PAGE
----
WHY GAM­BLER PIT­MAN’S SO GLAD THAT HE PICKED CHER­RIES

The Football League Paper - - INSIDE - By Chris Dunlavy

BRETT Pit­man gave up on the Cham­pi­onship to re­join League One Bournemouth – but af­ter six goals in as many games, his gam­ble looks like paying off.

Prolific in his first spell at Dean Court, the striker was snapped up by Bris­tol City for £1m in 2010. But de­spite scor­ing 20 goals in just 33 starts, the 25year-old be­came in­creas­ingly pe­riph­eral at Ash­ton Gate and was even­tu­ally loaned back to Bournemouth in Novem­ber, one of Derek McInnes’ fi­nal acts as man­ager.

Iron­i­cally, the Robins then ap­pointed Sean O’Driscoll, the man who dis­cov­ered Pit­man play­ing in his na­tive Jersey.

Shame

By then, though, it was too late. Pit­man had re­turned to Bournemouth and, with the Cher­ries set for pro­mo­tion from League One and Bris­tol City bot­tom of the Cham­pi­onship, he now looks set to swap places with his former side.

“It’s a shame it didn’t work out,” he says. “But I don’t re­gret any­thing. If you look at my goal­sto-games ra­tio, it’s pretty good.

“The over­rid­ing feel­ing from my time at Bris­tol is frus­tra­tion. The only time I had a proper run in the team, I scored quite a lot of goals. I was ac­tu­ally the club’s top scorer in the two full sea­sons I was there – and that was with­out really play­ing much. In the third sea­son, I didn’t really play at all.

“I don’t know if Derek McInnes didn’t fancy me. He liked to play one up front a lot and I’d have been happy to do it, but he ob­vi­ously felt it didn’t suit me. It was ob­vi­ous it was time to move on. But the good thing for me is, I know I can score goals in the Cham­pi­onship if we do go up. I’ve proved that at Bris­tol City.”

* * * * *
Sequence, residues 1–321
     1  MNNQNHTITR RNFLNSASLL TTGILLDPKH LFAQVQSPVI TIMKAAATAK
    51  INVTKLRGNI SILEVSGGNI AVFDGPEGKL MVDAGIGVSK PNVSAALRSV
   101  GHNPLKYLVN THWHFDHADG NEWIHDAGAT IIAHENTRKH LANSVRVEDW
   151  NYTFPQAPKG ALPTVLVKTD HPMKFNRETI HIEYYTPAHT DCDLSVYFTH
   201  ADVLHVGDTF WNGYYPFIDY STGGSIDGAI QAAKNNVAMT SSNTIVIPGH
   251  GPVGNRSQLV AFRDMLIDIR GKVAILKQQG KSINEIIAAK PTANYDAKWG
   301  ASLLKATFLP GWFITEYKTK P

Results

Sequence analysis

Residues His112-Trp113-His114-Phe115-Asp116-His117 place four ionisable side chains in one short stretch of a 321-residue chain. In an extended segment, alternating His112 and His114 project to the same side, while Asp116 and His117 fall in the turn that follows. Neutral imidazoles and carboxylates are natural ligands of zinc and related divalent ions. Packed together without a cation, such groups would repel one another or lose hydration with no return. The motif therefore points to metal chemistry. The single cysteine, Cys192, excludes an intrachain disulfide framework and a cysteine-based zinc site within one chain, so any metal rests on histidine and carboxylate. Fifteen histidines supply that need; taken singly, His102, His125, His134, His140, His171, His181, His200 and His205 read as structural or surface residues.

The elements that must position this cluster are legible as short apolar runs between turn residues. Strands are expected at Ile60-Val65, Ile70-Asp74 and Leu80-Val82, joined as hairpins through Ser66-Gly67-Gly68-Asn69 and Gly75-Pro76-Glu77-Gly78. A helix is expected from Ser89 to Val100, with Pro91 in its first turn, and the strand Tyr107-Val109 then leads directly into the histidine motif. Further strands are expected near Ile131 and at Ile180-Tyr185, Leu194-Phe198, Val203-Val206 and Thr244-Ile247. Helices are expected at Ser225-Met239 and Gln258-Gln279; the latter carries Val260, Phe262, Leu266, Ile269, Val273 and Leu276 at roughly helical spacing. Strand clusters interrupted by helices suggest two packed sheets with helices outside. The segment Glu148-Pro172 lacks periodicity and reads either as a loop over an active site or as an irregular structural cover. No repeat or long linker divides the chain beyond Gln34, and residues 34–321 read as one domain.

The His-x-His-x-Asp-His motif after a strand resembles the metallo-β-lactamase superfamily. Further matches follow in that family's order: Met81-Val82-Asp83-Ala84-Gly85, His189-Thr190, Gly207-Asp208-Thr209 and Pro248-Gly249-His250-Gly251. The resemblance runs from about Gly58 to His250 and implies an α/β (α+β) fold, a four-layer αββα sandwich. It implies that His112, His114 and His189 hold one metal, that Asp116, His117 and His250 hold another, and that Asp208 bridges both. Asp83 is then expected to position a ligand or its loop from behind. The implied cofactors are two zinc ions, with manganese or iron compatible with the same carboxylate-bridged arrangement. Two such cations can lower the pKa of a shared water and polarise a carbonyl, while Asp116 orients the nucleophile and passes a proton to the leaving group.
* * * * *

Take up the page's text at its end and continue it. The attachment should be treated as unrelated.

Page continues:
The last time Pit­man was at Bournemouth, Ed­die Howe was a rookie man­ager and the club was pen­ni­less, mired in ad­min­is­tra­tion. Now, Howe is older and wiser af­ter 18 months at Burnley, while the club is boom­ing thanks to in­vest­ment from Rus­sian busi­ness­man Maxim Demin.

“Oh, it’s a com­pletely dif­fer­ent club,” he says.“From the sta­dium and the car parks to the train­ing fa­cil­i­ties and pitches, ev­ery­thing’s bet­ter. It’s a club that’s def­i­nitely ready to go to the next level.

Money

“It’s nice to know you’re go­ing to get your money at the end of each month and know that you’ve got a chance of chal­leng­ing at the right end of the ta­ble.”

Pit­man also says Howe, whose re­turn from Burnley in Oc­to­ber sparked a rise from 20th place to sec­ond in the ta­ble, is a bet­ter man­ager for his Cham­pi­onship ex­pe­ri­ence.

“He is dif­fer­ent,” says Pit­man.“I think he’s ma­tured as a man­ager, and his man-man­age­ment has really be­come his ma­jor strength. In his first stint here, he prob­a­bly only had 13 or 14 play­ers to look af­ter, and that was on a good day.

“At Burnley, he was work­ing with a big squad just out of the Pre­mier League and he ob­vi­ously had to adapt. Now that he’s back here, with 20-odd play­ers, you can see how good he is at han­dling peo­ple.Whether you’re in the team, on the bench or not even in the 16, he treats you ex­actly the same.

“Ed­die was the de­cid­ing fac­tor in me coming here. He’s very or­gan­ised, he knows what he wants. He keeps the lads on their toes mo­ti­va­tion-wise, but with­out go­ing over the top.

“And he wants to play foot­ball the right way. It’s really very sim­ple. He want to get it down quick, get out wide and then put balls into the box. For a striker like me, it’s per­fect.”

PIC­TURE: Ian Christy

RIGHT CHOICE: Brett Pit­man swapped Bris­tol City in the Cham­pi­onship for League One Bournemouth with boss Ed­die Howe, in­set.

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